"The general public feels safe with the white walls because they know everything goes with white," says Betty Hyde of Ultimate Designs, Interiors in Tustin. "But it doesn't cost any more to choose a soft, interesting color and it is more welcoming."

Hyde says adding a touch of pastel to white paint for walls or ceilings is a good, safe way to add drama for those afraid to go too colorful.

"If you add a little yellow to the white, it's almost undetectable," she says, "so a person almost feels like he has walked into a warm white room."

Colors can cool down or heat up a room. Hyde says cool colors should be avoided when painting a room with a cool, northern exposure, and warm tones should be avoided when painting a room with a western exposure.

"If you have a bright western exposure you should stay away from the warmer colors because the effect would be too warm," she says. "You also have to look at what's next to you. If you have a bright vibrant building next to you, the color will bounce color right into your room and distort your effect."

The purpose of the room should also be taken into account. Certain colors convey certain moods. The cooler colors are good choices for serene, traditional environments, while the warmer, yellow-based colors are better choices for friendly, exciting backgrounds.

Surfaces also affect the way color will work in a room. As Menhenett points out, shiny surfaces magnify more flaws than flat paint, and dark colors show more flaws than lighter paints. So if you have flawed walls, a good choice is a flat light-colored paint.

For those who shy away from a whole wall of color, Menhenett suggests painting a stenciled border to add interest.

On the more adventurous side is Carlton Wagner, who not only researches color but designs interiors as well. Wagner often paints walls in three colors to give a textured, stippled effect. He says textures are the latest trend used by designers to give walls pizazz.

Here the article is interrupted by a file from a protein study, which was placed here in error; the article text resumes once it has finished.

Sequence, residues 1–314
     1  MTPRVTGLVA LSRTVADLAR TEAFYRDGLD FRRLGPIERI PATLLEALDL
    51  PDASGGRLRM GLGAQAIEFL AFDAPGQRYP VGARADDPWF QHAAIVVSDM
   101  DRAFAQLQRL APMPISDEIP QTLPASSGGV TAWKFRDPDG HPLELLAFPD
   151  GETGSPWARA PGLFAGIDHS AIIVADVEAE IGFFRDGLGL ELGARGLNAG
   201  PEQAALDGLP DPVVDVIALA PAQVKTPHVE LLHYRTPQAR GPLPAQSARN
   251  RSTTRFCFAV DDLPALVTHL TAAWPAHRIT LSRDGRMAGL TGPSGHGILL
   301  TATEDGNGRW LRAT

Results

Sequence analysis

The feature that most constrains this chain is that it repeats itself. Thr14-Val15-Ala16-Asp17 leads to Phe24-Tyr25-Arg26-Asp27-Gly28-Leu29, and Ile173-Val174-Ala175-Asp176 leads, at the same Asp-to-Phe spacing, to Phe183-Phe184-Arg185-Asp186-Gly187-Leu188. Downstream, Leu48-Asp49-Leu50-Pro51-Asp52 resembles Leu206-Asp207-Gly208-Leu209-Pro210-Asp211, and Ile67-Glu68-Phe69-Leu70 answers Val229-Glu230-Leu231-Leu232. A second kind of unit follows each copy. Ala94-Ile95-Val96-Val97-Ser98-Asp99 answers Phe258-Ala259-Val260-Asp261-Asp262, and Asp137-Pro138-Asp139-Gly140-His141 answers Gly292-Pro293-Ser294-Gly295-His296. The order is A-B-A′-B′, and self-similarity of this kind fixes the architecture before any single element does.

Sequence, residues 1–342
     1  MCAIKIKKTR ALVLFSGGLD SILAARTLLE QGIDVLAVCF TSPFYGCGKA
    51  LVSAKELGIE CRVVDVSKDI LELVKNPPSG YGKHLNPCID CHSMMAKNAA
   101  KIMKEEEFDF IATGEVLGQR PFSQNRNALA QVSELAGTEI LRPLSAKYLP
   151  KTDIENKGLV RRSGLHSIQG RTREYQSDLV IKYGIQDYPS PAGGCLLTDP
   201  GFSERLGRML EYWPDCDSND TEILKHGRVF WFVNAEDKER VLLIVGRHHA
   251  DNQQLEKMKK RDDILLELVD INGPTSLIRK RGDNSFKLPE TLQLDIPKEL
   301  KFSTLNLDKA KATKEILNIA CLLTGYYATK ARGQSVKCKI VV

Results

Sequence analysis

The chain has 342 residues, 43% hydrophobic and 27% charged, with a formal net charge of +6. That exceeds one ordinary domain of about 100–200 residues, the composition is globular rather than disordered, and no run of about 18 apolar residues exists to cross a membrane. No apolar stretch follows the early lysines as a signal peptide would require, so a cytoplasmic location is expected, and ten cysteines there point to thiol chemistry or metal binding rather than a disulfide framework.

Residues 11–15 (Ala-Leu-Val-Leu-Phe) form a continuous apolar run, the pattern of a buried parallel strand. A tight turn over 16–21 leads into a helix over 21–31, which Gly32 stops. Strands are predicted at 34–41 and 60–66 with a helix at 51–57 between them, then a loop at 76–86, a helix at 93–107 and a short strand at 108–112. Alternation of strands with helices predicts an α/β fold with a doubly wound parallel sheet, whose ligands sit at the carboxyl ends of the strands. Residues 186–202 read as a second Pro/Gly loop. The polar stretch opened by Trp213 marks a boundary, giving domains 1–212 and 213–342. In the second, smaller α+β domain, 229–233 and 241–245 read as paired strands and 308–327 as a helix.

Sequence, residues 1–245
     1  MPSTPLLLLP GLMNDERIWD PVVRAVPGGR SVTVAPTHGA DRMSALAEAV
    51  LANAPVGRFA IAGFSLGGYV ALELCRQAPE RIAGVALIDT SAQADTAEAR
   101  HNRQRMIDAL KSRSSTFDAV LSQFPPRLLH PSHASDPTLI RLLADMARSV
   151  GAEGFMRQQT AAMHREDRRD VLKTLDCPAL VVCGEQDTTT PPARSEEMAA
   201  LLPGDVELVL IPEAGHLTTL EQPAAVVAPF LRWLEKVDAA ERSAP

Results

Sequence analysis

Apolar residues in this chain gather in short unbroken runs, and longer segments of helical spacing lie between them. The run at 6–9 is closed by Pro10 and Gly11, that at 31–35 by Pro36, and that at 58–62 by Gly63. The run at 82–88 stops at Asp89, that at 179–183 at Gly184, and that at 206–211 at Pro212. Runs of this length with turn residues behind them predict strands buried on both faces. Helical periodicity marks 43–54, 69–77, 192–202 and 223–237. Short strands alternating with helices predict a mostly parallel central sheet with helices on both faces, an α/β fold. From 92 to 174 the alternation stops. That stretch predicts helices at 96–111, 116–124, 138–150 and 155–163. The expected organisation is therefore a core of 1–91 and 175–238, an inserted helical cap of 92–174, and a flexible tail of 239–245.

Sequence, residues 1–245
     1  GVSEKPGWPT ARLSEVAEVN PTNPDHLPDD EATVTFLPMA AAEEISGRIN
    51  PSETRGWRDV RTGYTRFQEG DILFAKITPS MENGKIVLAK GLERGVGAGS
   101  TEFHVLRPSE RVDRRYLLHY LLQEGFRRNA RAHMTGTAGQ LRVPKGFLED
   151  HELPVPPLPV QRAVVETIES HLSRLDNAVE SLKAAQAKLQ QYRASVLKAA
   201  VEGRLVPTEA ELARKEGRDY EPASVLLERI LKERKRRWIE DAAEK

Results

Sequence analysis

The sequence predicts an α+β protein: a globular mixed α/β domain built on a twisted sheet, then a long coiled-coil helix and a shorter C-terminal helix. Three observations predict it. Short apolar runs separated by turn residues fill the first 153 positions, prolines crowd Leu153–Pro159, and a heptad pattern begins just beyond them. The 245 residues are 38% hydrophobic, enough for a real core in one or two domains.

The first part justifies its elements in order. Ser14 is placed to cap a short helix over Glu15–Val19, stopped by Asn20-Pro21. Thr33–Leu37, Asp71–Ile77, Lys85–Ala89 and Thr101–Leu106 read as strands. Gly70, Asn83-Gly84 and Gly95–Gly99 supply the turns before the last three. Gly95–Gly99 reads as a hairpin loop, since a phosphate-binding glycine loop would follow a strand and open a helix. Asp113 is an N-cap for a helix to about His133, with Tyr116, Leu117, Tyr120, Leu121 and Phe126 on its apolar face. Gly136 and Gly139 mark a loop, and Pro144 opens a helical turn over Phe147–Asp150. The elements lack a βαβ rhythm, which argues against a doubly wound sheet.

For his three-color walls, a pale undercoat is applied, followed by two other colors that are sponged on. The two undercoats show through, giving the effect of dappled sunlight, Wagner says.

Wagner, who forecasts the hottest product colors for major corporations, says bright, crisp accent colors such as red, black and white will be trendy for the next few years. For walls, he predicts strong colors like copper and persimmon for people who can afford to be daring.

Many designers predict the demise of such popular colors of the 1980s as mauve, gray and country blue, although the latter color is still the nation's most popular in furnishings, according to Wagner. He adds, however, that it will probably be edged out in the near future by the stronger, more modern colors.

"Now we are in a cool-color phase," he says.

When asked how he might paint a typical Orange County house, Wagner says, "That's yuppiedom, so I'd choose upscale, trendy colors."

The colors would be determined not only by the home furnishings, but also by the location of the house and the family's life style, he adds.

"In Newport Beach, people are a lot glitzier, so I'd do something like black in the bathrooms and red in the kitchens. By the time we move into Tustin, that's different and we'd go a little more traditional, maybe soft greens or dusty blues.

"In Irvine, for the yuppies, I'd try persimmon. That's the color for the high-achiever."